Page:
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Nature. 2006 Apr 6;440(7085):824-8.

Semi-conservative DNA replication through telomeres requires Taz1.

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1
Telomere Biology Laboratory, Cancer Research UK, 44 Lincoln's Inn Fields, London WC2A 3PX, UK.

Abstract

Telomere replication is achieved through the combined action of the conventional DNA replication machinery and the reverse transcriptase, telomerase. Telomere-binding proteins have crucial roles in controlling telomerase activity; however, little is known about their role in controlling semi-conservative replication, which synthesizes the bulk of telomeric DNA. Telomere repeats in the fission yeast Schizosaccharomyces pombe are bound by Taz1, a regulator of diverse telomere functions. It is generally assumed that telomere-binding proteins impede replication fork progression. Here we show that, on the contrary, Taz1 is crucial for efficient replication fork progression through the telomere. Using two-dimensional gel electrophoresis, we find that loss of Taz1 leads to stalled replication forks at telomeres and internally placed telomere sequences, regardless of whether the telomeric G-rich strand is replicated by leading- or lagging-strand synthesis. In contrast, the Taz1-interacting protein Rap1 is dispensable for efficient telomeric fork progression. Upon loss of telomerase, taz1Delta telomeres are lost precipitously, suggesting that maintenance of taz1Delta telomere repeats cannot be sustained through semi-conservative replication. As the human telomere proteins TRF1 and TRF2 are Taz1 orthologues, we predict that one or both of the human TRFs may orchestrate fork passage through human telomeres. Stalled forks at dysfunctional human telomeres are likely to accelerate the genomic instability that drives tumorigenesis.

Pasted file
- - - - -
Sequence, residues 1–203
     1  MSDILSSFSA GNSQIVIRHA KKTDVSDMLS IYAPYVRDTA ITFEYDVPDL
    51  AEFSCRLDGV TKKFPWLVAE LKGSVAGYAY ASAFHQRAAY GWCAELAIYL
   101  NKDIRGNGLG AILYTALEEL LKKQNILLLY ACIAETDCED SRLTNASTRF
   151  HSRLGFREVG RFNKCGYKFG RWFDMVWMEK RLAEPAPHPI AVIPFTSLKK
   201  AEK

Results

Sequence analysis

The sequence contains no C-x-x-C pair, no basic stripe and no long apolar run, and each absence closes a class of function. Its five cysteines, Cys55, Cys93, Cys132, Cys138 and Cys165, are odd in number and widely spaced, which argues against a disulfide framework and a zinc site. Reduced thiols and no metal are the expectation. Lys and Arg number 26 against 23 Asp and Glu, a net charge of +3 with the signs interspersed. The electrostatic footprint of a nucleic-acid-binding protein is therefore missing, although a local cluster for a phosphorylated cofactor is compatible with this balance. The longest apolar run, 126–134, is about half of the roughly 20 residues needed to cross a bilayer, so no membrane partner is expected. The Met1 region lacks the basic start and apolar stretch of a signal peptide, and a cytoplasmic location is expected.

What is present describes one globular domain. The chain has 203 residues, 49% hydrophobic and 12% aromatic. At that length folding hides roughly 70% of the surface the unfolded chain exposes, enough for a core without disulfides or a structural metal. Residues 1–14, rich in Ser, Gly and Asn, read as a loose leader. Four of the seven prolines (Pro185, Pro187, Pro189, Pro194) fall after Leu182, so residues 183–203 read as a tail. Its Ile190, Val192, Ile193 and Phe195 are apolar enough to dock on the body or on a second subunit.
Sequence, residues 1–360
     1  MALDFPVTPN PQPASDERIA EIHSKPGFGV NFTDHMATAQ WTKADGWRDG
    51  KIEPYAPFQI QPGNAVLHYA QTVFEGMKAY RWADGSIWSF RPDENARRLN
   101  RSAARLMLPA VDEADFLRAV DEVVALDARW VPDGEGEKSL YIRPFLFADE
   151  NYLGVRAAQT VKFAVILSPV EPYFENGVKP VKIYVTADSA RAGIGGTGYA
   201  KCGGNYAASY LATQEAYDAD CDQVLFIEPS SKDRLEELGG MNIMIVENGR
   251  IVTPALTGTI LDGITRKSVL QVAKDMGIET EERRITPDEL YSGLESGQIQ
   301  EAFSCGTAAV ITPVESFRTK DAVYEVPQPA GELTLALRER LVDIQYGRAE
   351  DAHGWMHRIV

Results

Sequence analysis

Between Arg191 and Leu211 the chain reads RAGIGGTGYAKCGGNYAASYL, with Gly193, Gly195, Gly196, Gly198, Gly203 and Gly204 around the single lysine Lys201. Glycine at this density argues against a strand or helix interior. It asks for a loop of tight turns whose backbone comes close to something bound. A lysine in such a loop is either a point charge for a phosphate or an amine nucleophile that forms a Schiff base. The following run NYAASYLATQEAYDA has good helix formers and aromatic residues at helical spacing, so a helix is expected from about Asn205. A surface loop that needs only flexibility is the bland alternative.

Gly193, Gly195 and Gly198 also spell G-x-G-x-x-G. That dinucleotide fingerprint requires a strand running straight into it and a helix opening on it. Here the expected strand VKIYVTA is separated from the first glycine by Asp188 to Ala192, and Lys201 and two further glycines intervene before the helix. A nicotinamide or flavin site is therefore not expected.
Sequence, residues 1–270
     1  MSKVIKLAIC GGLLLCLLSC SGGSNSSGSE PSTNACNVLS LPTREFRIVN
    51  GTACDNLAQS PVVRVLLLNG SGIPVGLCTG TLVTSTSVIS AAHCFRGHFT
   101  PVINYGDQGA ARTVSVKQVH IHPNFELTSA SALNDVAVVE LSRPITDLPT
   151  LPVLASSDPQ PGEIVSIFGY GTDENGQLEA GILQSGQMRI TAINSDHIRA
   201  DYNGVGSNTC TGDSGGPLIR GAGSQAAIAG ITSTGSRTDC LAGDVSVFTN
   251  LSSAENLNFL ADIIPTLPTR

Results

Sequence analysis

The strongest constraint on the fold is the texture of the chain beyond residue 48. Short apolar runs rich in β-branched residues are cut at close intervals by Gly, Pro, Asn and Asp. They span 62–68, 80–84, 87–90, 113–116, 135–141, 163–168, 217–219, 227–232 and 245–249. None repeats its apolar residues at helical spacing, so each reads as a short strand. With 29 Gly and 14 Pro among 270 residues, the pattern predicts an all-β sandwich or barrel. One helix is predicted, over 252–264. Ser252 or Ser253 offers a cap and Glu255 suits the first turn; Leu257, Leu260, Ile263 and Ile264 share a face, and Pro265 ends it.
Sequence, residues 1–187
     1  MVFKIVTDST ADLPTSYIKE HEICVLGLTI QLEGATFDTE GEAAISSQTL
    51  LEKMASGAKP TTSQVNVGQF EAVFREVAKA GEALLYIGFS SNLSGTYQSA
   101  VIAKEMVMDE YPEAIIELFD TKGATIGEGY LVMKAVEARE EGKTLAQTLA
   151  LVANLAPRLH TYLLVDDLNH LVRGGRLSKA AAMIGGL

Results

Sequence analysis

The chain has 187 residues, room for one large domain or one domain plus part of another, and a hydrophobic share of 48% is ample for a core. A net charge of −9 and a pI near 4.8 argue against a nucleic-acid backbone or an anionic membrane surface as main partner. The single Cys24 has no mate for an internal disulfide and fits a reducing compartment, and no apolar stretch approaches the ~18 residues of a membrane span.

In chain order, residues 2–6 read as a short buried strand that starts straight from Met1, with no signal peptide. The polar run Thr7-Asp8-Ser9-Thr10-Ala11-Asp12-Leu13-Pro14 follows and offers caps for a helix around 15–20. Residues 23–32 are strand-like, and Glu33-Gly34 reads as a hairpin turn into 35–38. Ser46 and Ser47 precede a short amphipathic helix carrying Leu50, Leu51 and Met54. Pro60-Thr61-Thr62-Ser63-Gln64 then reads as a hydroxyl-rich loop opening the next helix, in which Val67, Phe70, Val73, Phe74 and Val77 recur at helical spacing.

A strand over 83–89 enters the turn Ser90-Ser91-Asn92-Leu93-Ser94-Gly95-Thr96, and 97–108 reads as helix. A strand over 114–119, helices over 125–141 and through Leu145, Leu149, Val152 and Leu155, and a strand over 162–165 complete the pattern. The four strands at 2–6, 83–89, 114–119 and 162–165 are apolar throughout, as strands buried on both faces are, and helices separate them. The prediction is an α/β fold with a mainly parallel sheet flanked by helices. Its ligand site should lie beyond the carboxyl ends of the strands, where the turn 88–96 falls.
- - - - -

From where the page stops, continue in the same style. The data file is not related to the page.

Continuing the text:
PMID:
16598261
DOI:
10.1038/nature04638
[Indexed for MEDLINE]
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